However, improperly applied chlorine or failures in the pool’s pumping system can lead to a dangerous chlorine ratio that can make the most vulnerable sick, as happened to a child in Texas. 

What to look for after they’ve swallowed pool water (signs of sickness) 

Knowing that your little one swallowed pool water can trigger all the anxious parts of your mind. Fortunately, all of the potentially serious outcomes come with distinct, noticeable symptoms. 

Many of the illnesses and conditions share symptoms. Water intoxication and chlorine poisoning can both lead to mood changes, drowsiness, irritability, and other cognitive changes.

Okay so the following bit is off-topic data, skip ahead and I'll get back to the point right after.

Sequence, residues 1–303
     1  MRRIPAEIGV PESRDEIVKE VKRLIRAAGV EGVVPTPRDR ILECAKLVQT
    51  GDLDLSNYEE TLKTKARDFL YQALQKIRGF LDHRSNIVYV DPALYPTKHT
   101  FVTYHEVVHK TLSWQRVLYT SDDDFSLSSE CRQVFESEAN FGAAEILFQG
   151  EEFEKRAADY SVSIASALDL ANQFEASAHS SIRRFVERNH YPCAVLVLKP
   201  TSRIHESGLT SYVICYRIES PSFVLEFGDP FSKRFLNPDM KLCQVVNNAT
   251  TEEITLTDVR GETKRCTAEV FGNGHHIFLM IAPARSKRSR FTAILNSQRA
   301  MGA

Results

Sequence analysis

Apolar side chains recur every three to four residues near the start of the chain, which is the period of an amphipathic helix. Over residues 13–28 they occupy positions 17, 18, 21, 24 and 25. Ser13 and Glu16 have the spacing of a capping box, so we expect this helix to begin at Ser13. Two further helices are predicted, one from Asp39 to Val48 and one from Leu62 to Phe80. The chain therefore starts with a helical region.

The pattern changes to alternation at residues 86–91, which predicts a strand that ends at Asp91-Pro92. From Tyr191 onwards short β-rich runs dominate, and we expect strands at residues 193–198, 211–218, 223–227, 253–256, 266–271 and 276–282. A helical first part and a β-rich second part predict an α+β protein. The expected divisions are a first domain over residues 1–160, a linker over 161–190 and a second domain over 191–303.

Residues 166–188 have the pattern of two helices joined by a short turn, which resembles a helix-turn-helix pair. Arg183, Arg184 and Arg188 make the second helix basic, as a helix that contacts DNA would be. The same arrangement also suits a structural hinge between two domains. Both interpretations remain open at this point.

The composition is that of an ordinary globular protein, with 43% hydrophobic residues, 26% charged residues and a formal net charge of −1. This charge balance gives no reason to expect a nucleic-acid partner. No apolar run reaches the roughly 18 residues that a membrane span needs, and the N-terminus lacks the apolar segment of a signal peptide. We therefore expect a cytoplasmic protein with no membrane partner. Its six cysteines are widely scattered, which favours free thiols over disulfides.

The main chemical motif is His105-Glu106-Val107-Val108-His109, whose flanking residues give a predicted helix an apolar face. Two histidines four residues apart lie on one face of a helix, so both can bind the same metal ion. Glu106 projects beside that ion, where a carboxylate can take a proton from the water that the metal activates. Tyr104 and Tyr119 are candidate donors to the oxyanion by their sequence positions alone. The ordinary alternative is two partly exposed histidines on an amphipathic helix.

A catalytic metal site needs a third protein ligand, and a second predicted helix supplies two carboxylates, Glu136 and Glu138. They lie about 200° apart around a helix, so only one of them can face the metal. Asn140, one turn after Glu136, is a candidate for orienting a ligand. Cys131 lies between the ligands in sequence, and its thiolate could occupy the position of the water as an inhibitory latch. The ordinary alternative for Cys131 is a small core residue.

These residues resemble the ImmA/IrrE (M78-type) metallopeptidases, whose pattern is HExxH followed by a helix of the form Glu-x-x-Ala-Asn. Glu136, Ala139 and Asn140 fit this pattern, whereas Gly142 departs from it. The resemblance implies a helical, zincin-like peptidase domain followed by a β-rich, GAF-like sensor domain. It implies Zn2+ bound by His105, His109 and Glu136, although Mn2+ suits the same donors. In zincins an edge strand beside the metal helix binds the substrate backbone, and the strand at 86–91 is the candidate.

Chlorine poisoning, water intoxication, and RWIs can all manifest as vomiting. Diarrhea most commonly indicates some type of RWI.

You’re not responsible for diagnosing your child with a specific illness. Instead, when you notice a cause for alarm, you can alert a medical professional to the symptoms you’ve noticed and let them know that your child was swimming. By letting the doctor know that your child was swimming and you have concerns about them swallowing water, it can help them narrow down a cause. 

What to do if you think your baby is sick from swallowing pool water

If your child starts experiencing the symptoms above, seek medical attention. As mentioned above, the doctors can diagnose the specific issue, but it’s helpful for you to let them know that there may be an issue with your child swallowing pool water.

Call 911 if your child is having trouble breathing or is unconscious.